France Recognizes the Syrian Opposition Coalition

Syrian Independence Flag.
Photo: Flickr.com/FreedomHouse2

The announcement arrived on Tuesday November 13 that France recognizes the newly formed Syrian rebel coalition named the National Coalition of Syrian Revolutionary and Opposition Forces.  In press conference at the Elysée French President Francois Hollande said his government recognizes the coalition “as the sole representative of the Syrian people and thus as the future provisional government of a democratic Syria.”

Along with all states in the Arab League, France is the sole Western nation to accept the coalition.  Under the supervision of Qatar and the Arab League, tough negotiations went underway Sunday, which resulted in a coalition all the rebel forces could stand behind.  After 20 months of conflict, with around 40,000 Syrians dead, 2.5 million displaced, and 400,000 refugees who have fled the country, according to a United Nations report, the civil war has managed to destabilize the Middle East.

France, who has promoted economic and oil sanctions on Syria, has been encouraging the United Nations and the United States to take a more decisive action toward Syria for some time now.  Although the US has been against military intervention in Syria, Secretary of State Hillary Clinton has repeatedly urged that the rebels create an organized opposition government, something that the the rebels are closer to doing after this Sunday.  However, the US is still hesitant to recognize the coalition, stating that the US hopes that the coalition creates more organization within itself.  UK Foreign Minister William Hague spoke with reporters early this week expressing similar sentiments that his government is waiting to see that the coalition is as “inclusive as possible” of all the opposition groups, and that it has support “inside” from the Syrian people.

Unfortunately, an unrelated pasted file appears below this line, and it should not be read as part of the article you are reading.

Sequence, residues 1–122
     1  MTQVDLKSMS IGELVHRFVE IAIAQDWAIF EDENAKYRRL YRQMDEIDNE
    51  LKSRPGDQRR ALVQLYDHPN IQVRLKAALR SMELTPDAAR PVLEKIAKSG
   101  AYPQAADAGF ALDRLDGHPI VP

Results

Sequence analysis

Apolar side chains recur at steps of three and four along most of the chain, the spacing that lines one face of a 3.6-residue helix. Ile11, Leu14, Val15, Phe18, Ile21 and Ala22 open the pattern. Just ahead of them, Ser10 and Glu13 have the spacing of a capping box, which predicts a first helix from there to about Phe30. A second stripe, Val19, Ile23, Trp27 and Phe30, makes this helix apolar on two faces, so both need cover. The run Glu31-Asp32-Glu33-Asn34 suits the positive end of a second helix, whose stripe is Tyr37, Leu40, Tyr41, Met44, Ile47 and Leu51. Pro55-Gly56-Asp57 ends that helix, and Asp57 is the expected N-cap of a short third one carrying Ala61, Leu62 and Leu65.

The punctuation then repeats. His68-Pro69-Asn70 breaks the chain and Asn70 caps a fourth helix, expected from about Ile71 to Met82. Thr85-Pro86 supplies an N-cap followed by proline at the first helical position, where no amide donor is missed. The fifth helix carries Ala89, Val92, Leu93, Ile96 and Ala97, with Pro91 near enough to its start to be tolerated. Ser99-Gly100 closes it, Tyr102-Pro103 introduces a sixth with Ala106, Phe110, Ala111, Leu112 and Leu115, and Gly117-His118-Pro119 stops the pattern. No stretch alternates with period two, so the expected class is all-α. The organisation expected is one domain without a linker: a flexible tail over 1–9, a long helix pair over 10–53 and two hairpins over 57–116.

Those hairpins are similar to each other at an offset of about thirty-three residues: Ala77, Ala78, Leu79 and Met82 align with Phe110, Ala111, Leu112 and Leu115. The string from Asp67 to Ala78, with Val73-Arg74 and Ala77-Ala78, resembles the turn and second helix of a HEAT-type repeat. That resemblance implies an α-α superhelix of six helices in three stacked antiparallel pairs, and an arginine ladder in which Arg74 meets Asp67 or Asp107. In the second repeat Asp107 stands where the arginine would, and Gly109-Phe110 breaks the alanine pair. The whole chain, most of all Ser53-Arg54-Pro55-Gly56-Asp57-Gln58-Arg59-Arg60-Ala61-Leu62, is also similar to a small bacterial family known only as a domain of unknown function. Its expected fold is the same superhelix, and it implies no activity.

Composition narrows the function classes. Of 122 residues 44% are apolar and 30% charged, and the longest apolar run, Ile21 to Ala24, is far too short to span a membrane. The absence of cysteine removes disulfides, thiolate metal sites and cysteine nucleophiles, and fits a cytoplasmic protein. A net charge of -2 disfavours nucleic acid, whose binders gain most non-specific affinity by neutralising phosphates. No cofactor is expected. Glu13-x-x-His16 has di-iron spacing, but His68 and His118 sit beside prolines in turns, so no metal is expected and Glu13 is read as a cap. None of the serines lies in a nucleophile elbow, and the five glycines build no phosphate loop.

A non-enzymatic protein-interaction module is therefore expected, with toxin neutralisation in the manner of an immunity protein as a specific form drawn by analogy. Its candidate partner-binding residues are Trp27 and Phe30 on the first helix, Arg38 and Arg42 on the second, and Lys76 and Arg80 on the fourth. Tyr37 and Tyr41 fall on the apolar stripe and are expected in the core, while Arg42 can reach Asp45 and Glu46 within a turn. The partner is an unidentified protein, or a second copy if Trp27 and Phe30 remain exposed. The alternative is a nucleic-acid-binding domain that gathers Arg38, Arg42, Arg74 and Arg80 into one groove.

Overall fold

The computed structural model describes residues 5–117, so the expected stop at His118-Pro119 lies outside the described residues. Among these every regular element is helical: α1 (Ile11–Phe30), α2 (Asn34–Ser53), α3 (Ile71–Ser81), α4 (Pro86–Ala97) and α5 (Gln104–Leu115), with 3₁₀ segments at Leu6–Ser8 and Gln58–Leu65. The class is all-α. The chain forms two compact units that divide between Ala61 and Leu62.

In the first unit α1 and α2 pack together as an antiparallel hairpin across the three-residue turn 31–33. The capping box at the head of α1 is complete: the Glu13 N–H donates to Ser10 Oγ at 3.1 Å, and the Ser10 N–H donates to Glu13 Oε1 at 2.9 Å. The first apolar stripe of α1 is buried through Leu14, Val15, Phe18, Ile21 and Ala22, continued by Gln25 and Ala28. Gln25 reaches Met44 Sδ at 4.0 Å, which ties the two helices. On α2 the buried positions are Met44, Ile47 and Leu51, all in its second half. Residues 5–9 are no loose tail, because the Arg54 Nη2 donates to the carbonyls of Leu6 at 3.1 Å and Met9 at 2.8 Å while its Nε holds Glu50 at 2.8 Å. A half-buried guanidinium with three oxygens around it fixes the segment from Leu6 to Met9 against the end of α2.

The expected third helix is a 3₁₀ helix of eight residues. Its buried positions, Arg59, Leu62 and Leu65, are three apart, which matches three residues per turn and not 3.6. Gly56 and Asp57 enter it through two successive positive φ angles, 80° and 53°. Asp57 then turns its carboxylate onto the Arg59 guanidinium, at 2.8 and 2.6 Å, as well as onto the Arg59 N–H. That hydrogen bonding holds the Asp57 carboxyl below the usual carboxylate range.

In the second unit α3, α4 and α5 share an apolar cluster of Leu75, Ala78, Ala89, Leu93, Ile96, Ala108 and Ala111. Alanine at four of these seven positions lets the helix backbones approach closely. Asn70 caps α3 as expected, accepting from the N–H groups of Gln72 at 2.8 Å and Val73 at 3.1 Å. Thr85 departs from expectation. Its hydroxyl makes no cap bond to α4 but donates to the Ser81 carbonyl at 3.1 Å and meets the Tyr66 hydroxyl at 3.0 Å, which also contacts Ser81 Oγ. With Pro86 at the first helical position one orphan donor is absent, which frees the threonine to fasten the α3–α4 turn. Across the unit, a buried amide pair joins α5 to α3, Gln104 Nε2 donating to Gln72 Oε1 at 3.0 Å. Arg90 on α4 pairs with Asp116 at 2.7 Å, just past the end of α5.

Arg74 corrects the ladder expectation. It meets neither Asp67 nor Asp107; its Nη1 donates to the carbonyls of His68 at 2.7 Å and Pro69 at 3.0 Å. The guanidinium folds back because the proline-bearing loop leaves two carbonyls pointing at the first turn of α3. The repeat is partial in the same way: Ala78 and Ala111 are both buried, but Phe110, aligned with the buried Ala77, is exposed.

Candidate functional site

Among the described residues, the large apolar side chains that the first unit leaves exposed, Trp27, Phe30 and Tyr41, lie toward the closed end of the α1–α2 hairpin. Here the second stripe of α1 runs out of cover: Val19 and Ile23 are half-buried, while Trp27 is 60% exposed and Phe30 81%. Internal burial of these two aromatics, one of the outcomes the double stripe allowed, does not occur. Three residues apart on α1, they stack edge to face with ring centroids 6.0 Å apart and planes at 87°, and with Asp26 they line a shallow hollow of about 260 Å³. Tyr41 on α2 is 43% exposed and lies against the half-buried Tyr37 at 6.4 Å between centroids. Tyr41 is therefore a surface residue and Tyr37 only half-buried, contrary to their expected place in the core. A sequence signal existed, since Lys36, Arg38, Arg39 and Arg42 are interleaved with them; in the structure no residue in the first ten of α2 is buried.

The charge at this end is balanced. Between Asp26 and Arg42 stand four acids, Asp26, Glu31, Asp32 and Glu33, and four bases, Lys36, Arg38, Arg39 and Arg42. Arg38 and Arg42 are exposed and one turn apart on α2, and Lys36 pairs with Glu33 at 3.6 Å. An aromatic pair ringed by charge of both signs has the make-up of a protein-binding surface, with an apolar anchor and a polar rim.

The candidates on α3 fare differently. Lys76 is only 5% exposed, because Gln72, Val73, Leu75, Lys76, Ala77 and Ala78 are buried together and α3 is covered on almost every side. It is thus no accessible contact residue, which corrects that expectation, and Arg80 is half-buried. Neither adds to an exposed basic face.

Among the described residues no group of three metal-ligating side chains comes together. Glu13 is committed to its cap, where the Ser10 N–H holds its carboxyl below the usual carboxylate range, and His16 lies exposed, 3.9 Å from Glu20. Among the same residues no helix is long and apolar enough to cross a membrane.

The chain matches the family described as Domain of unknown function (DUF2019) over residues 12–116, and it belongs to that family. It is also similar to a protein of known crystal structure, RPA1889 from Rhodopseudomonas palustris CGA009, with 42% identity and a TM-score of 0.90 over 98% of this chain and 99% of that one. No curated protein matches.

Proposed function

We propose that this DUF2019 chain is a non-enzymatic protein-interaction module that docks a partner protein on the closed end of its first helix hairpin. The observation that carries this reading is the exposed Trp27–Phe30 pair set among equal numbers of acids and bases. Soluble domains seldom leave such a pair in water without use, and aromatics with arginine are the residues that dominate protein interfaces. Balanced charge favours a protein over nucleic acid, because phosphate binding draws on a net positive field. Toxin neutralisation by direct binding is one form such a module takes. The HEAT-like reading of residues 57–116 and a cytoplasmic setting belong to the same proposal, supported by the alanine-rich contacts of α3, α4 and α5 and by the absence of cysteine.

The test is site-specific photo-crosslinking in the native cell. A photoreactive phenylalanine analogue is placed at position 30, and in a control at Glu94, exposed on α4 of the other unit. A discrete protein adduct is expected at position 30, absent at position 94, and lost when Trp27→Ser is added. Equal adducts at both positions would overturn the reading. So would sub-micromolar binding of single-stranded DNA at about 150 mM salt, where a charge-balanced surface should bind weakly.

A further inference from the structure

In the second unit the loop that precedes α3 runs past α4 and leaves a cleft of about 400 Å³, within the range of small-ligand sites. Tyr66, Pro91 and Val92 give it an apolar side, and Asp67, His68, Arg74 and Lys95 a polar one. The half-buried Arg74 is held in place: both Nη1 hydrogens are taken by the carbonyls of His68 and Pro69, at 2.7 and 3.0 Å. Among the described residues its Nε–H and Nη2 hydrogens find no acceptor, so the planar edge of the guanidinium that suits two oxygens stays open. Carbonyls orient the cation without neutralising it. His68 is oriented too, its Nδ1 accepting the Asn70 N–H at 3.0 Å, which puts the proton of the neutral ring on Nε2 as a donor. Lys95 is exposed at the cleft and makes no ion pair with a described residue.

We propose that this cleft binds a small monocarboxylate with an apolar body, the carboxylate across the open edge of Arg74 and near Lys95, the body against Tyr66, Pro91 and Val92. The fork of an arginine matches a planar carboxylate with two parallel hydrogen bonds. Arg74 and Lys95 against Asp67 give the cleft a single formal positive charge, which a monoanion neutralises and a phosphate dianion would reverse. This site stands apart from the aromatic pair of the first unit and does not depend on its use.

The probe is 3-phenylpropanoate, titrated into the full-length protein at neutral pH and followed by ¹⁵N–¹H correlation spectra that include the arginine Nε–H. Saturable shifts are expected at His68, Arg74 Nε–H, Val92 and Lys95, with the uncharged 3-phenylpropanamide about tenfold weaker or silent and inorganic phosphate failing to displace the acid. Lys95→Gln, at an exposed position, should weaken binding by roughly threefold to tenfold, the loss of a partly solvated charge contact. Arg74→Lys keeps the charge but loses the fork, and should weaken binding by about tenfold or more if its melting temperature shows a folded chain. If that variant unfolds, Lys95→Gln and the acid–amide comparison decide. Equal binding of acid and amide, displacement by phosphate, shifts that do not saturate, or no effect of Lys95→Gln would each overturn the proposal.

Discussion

Striving to represent a unified front to the international community, the rebels took one step further in their efforts to unite and organize when they elected a president of their coalition, Sheikh Ahmed Moaz al-Khatib, a religious moderate who worries that he can quickly lose legitimacy if the military stalemate in Syria continues.  Thus the push to create a coalition of opposition groups arrises from the need to obtain foreign aid, especially weapons, which it sees as essential to its success in overthrowing the current Syrian President Bashar al-Assad.  The newly elected president of the rebel opposition can more effectively reach out to the international community to channel foreign aid.  The more legitimacy the government receives from other nations, the more authority it can have to ask such aid.

Despite his past pronouncements during his recent visits across the Middle East, Hollande stated that the question of arming the group will become more seriously considered when the coalition stabilizes and more countries recognize the government. However, by beginning the process of recognition by the Western nations, France has put more pressure on the coalition to succeed.  Espousing what the UK government has already said, political scientists argue that the opposition group must now look to create a secure rebel-controlled zone within Syria to be successful in bringing down Assad, but they say that this step might require US support.

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